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New Horizons travels 4 billion miles from Earth in farthest flyby ever

"Asteroids, comets and other small bodies hold material from the solar system's birth. If we want to know where we come from, we must study these objects," NASA scientist Lori Glaze said.

By
Brooks Hays and Allen Cone
At left is a composite of two images taken by New Horizons' high-resolution Long-Range Reconnaissance Imager. An artist's impression at right illustrates one possible appearance of Ultima Thule The direction of Ultima's spin axis is indicated by the arrows. Images courtesy of NASA/JHUAPL/SwRI; sketch by James Tuttle Keane
At left is a composite of two images taken by New Horizons' high-resolution Long-Range Reconnaissance Imager. An artist's impression at right illustrates one possible appearance of Ultima Thule The direction of Ultima's spin axis is indicated by the arrows. Images courtesy of NASA/JHUAPL/SwRI; sketch by James Tuttle Keane

Dec. 31 (UPI) -- NASA's New Horizons probe rang in the new year by swinging by Ultima Thule, a small object in the Kuiper asteroid belt.

The spacecraft passed within 2,200 miles of the large asteroid at 12:33 a.m. EST Tuesday, not long after the ball dropped in New York Times Square. The close encounter marks the farthest spacecraft flyby in history.

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The New Horizons is approximately 4 billion miles from the sun. Because of the long distance from Earth, scientists didn't know how the flyby went until several hours after the rendezvous.

At 10:29 a.m., flight controllers at Johns Hopkins University's Applied Physics Laboratory in Laurel, Md., received word from the spacecraft. Those in the mission control and a spill-over crowd in a nearby auditorium cheered upon the "phone home" communication.

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"We have a healthy spacecraft," Alice Bowman, mission operations manager for New Horizons, said after signal notification. "We've just accomplished the most distant flyby. We are ready for Ultima Thule science transmission."

At 11:30 a.m., scientists involved with the New Horizons mission released the first images and data returned by the spacecraft.

"New Horizons performed as planned today, conducting the farthest exploration of any world in history - 4 billion miles from the sun," said Principal Investigator Alan Stern, of the Southwest Research Institute in Boulder, Colo. "The data we have looks fantastic and we're already learning about Ultima from up close. From here out, the data will just get better and better!"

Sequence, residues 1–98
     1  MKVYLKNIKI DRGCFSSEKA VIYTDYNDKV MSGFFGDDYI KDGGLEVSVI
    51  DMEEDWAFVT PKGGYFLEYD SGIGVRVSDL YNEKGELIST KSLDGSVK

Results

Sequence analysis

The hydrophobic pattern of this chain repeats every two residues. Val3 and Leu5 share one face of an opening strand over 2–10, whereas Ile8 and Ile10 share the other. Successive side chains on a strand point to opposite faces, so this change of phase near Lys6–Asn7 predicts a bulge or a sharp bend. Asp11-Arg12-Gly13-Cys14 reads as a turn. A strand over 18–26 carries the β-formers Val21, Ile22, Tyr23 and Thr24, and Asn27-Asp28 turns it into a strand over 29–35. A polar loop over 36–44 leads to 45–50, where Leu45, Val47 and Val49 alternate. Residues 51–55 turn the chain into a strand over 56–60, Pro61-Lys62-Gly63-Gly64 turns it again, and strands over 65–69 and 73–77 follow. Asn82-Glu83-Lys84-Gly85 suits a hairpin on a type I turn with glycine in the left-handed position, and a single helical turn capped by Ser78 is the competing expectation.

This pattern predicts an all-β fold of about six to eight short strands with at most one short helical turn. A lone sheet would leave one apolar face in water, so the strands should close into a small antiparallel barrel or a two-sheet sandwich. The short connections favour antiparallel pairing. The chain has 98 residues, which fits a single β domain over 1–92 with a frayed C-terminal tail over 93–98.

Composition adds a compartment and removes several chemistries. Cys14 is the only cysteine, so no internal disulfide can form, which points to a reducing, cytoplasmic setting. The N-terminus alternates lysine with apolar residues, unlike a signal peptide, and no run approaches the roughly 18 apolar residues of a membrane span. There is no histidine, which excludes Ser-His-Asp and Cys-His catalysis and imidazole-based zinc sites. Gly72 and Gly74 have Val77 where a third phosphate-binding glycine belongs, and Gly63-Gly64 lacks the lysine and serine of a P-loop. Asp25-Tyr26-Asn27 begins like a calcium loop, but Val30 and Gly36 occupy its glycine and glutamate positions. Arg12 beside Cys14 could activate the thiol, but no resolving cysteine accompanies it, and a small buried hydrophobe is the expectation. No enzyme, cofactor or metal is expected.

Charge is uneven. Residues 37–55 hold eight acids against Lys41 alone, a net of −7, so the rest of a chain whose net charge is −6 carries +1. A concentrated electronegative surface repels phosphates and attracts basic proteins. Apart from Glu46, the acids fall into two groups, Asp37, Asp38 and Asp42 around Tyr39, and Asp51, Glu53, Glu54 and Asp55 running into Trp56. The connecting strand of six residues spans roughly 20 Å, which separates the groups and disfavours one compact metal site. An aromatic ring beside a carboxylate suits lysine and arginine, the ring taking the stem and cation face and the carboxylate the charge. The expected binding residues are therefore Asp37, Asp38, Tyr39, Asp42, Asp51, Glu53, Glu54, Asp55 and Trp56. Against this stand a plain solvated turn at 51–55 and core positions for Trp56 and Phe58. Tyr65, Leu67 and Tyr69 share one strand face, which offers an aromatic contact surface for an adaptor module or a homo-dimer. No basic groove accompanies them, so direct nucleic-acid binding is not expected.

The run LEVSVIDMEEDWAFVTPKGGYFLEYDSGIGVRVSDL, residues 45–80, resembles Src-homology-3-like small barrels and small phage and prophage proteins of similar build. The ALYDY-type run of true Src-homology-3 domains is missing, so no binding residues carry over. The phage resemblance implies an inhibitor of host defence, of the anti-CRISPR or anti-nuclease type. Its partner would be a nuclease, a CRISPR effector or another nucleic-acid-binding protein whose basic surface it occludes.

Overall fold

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Before the data transmission, Stern marveled at the achievement.

"We set a record! Never before has a spacecraft explored something so far away," he said. "I mean, think of it. We're a billion miles further than Pluto, and now we're going to keep going into the Kuiper Belt."

On Monday, he told reporters during a news briefing "I'd be kidding you if I didn't tell you we're also on pins and needles to see how this turns out."

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Ultima Thule, or 2014 MU69, lies beyond the orbits of Neptune and Pluto, in the outer realms of the solar system. The space rock features a diameter of roughly 19 miles. Its irregular shape recalls two rock smashed together, like a snowman without a head.

New Horizons first launched in 2006 with the goal of doing a flyby study of the Pluto system by 2015. The probe gathered its last Pluto observations in 2016 and began making its way toward the Kuiper Belt.

Based on images taken during the spacecraft's approach, the Kuiper Belt is approximately 20 by 10 miles shaped similar to a bowling pin and spinning end over end. It's possible, Ultima is in fact two objects orbiting each other.

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Scientists think the clarity of the images captured during the Ultima Thule flyby could rival the photographs taken during New Horizon's close encounter with Pluto.

Researchers are interested in small objects in the far reaches of the solar system, asteroids and comets, because they could contain clues to the solar system's origin story.

"Asteroids, comets and other small bodies hold material from the solar system's birth. If we want to know where we come from, we must study these objects," said Lori Glaze, acting director for the Planetary Science Division at NASA Headquarters.

The New Horizons spacecraft is expected to be downloading images and other data for the next several months.

"Congratulations to NASA's New Horizons team, Johns Hopkins Applied Physics Laboratory and the Southwest Research Institute for making history yet again," NASA Administrator Jim Bridenstine said. "In addition to being the first to explore Pluto, today New Horizons flew by the most distant object ever visited by a spacecraft and became the first to directly explore an object that holds remnants from the birth of our solar system. This is what leadership in space exploration is all about."

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